Even a superficial study of the history of satire – begin with Wikipedia – reveals it to be an ancient form, well-established in Greek and Roman literature, and seen as potentially dangerous from the beginning. Plato himself blamed the death of Socrates, at least in part, on the ridicule heaped upon old Soc by Aristophanes in the play Clouds.

What could be more outrageous than Jonathan Swift in 1729 offering anonymously “A Modest Proposal” that poverty in Ireland could be solved by selling the oversupply of Irish babies as food for the upper class Brits: “A young healthy child well nursed, is, at a year old, a most delicious nourishing and wholesome food, whether stewed, roasted, baked, or boiled; and I make no doubt that it will equally serve in a fricassee or a ragout.”

Of course there were those who read Swift and thought his proposal was serious – and barbarous – an encouragement of cannibalism. This reveals one of the problems of satire. The capacity to understand irony, one of the essential strategies of satire, includes the ability to embrace a message and realize that it means something different – even the opposite – of what it delivers on the literal level.

Swift and most other satirists exist in a tradition that allows them to color outside the lines. A stock character in Shakespeare was the “licensed Fool,” the court jester, one of the only figures who could speak truth to power. That license came with danger. If the King didn’t laugh his head off at your impertinence, he might decide to have yours cut off. In cultures where satirists do their best work – like America, Great Britain, and France – there exists a social contract where writers and artists can walk along a ledge with a safety rope around their ankles.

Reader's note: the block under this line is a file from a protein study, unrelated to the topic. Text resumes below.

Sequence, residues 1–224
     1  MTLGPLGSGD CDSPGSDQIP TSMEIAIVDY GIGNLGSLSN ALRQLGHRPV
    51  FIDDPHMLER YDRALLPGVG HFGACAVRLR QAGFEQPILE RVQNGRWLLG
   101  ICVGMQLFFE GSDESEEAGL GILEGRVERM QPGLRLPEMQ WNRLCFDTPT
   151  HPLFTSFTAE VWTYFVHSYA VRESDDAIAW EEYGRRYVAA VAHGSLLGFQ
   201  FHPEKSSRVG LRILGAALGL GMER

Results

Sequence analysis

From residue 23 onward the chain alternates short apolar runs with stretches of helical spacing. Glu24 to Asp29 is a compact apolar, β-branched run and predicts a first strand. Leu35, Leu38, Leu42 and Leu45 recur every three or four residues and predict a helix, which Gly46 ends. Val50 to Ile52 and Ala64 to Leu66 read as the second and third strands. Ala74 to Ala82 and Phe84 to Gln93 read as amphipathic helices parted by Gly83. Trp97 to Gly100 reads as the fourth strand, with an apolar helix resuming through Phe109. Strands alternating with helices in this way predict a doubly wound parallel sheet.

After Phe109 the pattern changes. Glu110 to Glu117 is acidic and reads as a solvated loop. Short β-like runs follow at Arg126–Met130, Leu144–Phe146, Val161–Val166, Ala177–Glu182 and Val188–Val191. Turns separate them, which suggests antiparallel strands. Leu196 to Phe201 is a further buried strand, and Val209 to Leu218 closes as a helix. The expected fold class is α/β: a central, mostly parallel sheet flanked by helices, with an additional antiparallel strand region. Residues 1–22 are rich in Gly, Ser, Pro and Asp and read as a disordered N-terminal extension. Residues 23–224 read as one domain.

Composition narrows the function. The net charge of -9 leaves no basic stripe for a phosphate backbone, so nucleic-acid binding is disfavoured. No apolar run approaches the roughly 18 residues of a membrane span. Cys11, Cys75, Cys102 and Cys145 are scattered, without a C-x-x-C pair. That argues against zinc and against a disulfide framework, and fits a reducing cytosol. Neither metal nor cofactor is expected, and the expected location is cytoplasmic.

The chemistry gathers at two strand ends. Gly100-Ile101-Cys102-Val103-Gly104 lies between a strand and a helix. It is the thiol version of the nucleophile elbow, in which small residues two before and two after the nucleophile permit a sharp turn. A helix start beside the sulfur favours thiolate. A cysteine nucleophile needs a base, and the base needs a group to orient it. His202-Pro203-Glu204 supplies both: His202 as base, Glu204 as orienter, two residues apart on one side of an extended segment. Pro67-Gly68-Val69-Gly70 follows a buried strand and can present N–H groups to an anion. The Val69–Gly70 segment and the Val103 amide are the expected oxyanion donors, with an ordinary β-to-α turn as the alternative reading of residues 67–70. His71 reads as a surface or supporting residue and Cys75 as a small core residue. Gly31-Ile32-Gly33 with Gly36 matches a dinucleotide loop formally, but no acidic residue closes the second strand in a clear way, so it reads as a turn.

Fanatics have changed that equation. Religious leaders put a death sentence on Salman Rushdie. Countries that publish the work of Danish cartoonists see their embassies threatened. Churches of the infidels are attacked, lives lost. And now an editorial meeting is interrupted by hooded assassins.

Are we prepared wage violent war to protect the work of cartoonists and satirists? At some point, the answer has to be yes. That said, I cannot help but remember Chaplin’s statement that he would not have created his Hitler satire if he knew about the concentration camps. I want to see the movie “The Interview” as soon as I can to wave the flag of free speech against the digital terrorists who hacked SONY. But do I think it was a good idea to create a film in which American characters are sent to assassinate the living president of an actual country? My answer is no.

One of the advantages of satire is the power of the veil, the ability of artists such as Swift or Huxley or Orwell to create worlds that seem brave and new, but are really our native lands in disguise. There is no battling the killers in Paris, or those who celebrate their crimes, with words and images. They and their kind must be brought to justice. We grieve with the dead as brothers and sisters of the image and the word.

Their lives are a testament to the power and dangers of free expression – which can come with such a terrible cost. Read more


WHO blacklists BuzzFeed reporter, accidentally tells her

Good morning. Here are 10 media stories.

  1. WHO blacklists BuzzFeed reporter

    World Health Organization spokesperson Laura Bellinger mistakenly CC'd BuzzFeed reporter Tasneem Nashrulla on an email saying "My understanding is that BuzzFeed is banned." Tarik Jasarevic, another WHO staffer weighed in on another email -- Nashrulla was still CC'd -- saying only BuzzFeed reporter Jina Moore, who is covering Ebola in West Africa, was blacklisted. Jasarevic has not replied to a request from Poynter for elaboration on the thinking behind such an extraordinary (and petty) step. (Mashable) | In August, Jasarevic listed among his duties "being available to report to national and international media about the situation," but he was talking to someone who worked for Bono, not Jonah Peretti. (One)